I’ve planted two walnut trees over the years here in our gardens and neither of them have survived. People always tell me ‘but they grow like weeds!’ Yeah right, not for me they don’t. For many years whenever I took a trip down South I would see these beautifully lush trees growing along the banks of the mighty Waikato River. They looked so exotic and I used to try and figure out what species they were. One day the penny dropped and I recognised them as thriving walnut trees. Then I understood why they hadn’t been happy, here, in my garden. Walnuts naturally choose fertile, moist, lime rich locations. I have read that European settlers coming to the eastern parts of the USA would often choose to build their homes near a stand of walnut trees. They understood the best place to plant a garden. All that goodness seems to be absorbed by this stately and medicine rich tree. It has many gifts to share; nutrient dense food, exceptional medicine and the finest timber. Read the full post for all the details.
Common names; ?Walnut, Black Walnut, American Walnut, Eastern Black Walnut
Description; ?The black walnut is a large deciduous, flowering and fruit/nut bearing tree growing to between 50-120 ft tall with a spreading crown. The bark is greyish-black and deeply furrowed. Black walnut leaves are pinnately compound, finely-toothed, and 3 to 3-1/2 inches long; there are 20-23 alternate leaves per stem. Its male and female flowers grow in separate catkins, distinct upon the same tree. The male flowers are in drooping catkins 3-4in long, the female flowers terminal in clusters of 2 to 5. The female flowers produce the fruit. The fruit is a deeply-grooved, edible nut 1-1/2 to 2 inches in diameter with a thick aromatic husk.
Parts Used; ?inner bark, green hull, shell, leaf, fruit,
Preparations;? Extracts, pills, lotions and creams, oil, homeopathic, Bach flower essence.
Habitat;?The black walnut is a forest tree indigenous to Central and Eastern USA. It is shade intolerant and thrives in a sunny open location in lime-rich moist soil. It naturalizes easily along open riverbanks.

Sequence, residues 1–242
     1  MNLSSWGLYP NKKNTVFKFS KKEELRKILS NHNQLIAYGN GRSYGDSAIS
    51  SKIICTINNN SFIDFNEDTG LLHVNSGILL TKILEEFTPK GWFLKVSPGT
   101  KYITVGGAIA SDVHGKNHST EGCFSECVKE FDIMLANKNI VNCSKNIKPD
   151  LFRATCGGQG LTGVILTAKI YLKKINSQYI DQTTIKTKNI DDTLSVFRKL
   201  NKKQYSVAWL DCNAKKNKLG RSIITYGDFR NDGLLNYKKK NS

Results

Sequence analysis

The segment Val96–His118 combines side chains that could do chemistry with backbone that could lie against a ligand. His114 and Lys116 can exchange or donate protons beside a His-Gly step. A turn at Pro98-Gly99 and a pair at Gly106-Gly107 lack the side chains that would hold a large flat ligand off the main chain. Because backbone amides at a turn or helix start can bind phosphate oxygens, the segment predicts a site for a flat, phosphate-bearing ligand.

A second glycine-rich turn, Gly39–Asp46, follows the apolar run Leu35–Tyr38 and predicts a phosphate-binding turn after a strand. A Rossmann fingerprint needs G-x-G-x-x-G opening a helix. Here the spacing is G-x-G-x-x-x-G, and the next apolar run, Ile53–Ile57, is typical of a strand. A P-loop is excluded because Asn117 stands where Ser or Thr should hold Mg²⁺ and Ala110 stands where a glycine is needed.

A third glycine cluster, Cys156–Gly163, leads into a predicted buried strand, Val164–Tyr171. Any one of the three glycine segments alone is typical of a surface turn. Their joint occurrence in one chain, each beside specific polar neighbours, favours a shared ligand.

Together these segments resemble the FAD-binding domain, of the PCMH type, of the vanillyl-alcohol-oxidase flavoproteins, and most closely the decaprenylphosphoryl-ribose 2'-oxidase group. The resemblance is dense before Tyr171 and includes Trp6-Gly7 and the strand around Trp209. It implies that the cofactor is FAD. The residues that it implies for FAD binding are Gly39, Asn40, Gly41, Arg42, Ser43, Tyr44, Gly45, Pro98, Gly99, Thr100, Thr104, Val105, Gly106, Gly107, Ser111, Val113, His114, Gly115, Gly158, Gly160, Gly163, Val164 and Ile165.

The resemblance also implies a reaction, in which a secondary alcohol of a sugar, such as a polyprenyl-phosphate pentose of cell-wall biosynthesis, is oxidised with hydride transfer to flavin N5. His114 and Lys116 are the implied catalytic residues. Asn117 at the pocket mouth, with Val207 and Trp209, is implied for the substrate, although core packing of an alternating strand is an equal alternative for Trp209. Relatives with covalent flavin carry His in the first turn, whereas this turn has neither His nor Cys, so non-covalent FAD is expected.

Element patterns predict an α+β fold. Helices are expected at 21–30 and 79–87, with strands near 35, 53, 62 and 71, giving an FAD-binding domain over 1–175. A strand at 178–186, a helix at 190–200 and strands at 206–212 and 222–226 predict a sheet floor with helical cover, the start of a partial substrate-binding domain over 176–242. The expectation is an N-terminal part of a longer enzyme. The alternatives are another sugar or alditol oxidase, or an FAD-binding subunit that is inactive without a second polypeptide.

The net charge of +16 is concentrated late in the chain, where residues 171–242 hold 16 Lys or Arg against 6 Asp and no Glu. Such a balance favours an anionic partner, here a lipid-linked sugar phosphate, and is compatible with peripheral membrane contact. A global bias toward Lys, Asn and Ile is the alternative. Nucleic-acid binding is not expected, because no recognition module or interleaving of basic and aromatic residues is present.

Traditional and Historical Uses;?North American Indians used the black walnut to treat a number of ailments in both humans and animals. Juice made from green walnut husks was used to clean maggots out of wounds and to rid dogs of intestinal worms (Niethammer, 1974). The White Mountain Apache tribe rubbed their horses and livestock with a concoction of husk juice to protect the animals from parasites (Niethammer,1974). A tonic made from walnut bark was also used to treat aches and pains associated with rheumatism. The European walnut, juglans regia, has very similar active ingredients and been used extensively throughout Asia, Europe and the Middle East. Throughout the centuries European herbalists used the nut, the bark, the roots, and the leaves; as an astringent, a laxative, a purgative to induce vomiting, a styptic to arrest the bleeding of wounds, a vermifuge to expel worms or parasites such as head and body lice, and a hepatic to tone the liver. The walnut served to induce sweating, cure diarrhoea, soothe sore gums and relieve inflamed tonsils. It was highly recommended for all manner of skin diseases; eczema, psoriasis, impetigo, herpetic eruptions, syphilitic chancre, hives, boils, acne, ulcers and sores.
Therapeutic Actions; Anti-fungal, vermifuge, laxative, purgative/emetic, anti-bacterial (Bhargava,1968, Gadan F et al., 2005), astringent, alterative, anodyne, anti-inflammatory (Qadan F et al., 2005), antiseptic, blood purifier, blood tonic,detergent, antioxidant ( Li l et al., 2006, Bhatia K et al., 2006) (Reiter R J et al., 2005) anti-mutagenic (Bhargava,1968).
Constituents; The fruit contains B1, B2, B3, B5, B6 and folic acid, minerals such as iron, magnesium, potassium, magnesium, calcium, phosphorus and zinc. Walnut is the richest plant source of iodine. Walnuts contain juglone, juglandin and juglandic acid, tannins, quercitin, linolenic acid, vitamin C, vitamin E-alpha, beta, delta and gamma-tocopherol, making it exceptionally high in antioxidants.
Current Herbal Uses; Internally Because of it’s innate ability to kill microbes, it is commonly used as an anti-fungal treatment for long-standing cases of candidiasis, and yeast related disorders such as oral thrush, vaginal thrush, jock itch and associated fungal skin rashes. Accompanying complaints involving the gut can also include Irritable Bowel Syndrome, Leaky Gut Syndrome and parasitic and bacterial intestinal infestations. It is also used as a laxative for constipation. Because of the high iodine content walnut extract is used for treating hypothyroidism and as a thyroid stimulant. The extract is also considered a blood purifier. In Chinese medicine, black walnut extract is used to treat a variety of ailments, including asthma, constipation, lumbago and impotence.There have been studies that suggest consuming a small handful of walnuts daily can reduce coronary vascular disease risk (Davis P et al.,2006). Ayurvedic medicine uses walnuts to treat cardiac problems; reduce uric acid, gout, and rheumatoid arthritis; and to treat certain sexually transmitted diseases. Externally On the skin it is used in salves, lotions and washes for treating acne, sores, boils, impetigo, dandruff, eczema, psoriasis, warts and ringworm utilising it’s anti-viral, anti-bacterial, anti-fungal and ant-mutagenic capabilities.